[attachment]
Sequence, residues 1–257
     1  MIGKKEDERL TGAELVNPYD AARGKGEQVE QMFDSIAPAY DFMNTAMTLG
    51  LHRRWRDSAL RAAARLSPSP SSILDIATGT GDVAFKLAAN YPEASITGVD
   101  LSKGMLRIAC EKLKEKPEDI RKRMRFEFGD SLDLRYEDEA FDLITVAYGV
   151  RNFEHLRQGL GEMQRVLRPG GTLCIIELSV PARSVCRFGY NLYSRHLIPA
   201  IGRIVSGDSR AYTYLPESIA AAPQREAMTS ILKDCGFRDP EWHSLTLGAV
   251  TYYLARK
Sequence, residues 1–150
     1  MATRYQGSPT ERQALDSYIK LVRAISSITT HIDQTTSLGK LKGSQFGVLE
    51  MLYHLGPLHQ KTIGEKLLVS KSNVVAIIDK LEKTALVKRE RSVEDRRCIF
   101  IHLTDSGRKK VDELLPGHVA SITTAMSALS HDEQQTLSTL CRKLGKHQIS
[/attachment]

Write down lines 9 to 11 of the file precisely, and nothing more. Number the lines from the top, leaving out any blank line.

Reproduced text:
     1  MATRYQGSPT ERQALDSYIK LVRAISSITT HIDQTTSLGK LKGSQFGVLE
    51  MLYHLGPLHQ KTIGEKLLVS KSNVVAIIDK LEKTALVKRE RSVEDRRCIF
   101  IHLTDSGRKK VDELLPGHVA SITTAMSALS HDEQQTLSTL CRKLGKHQIS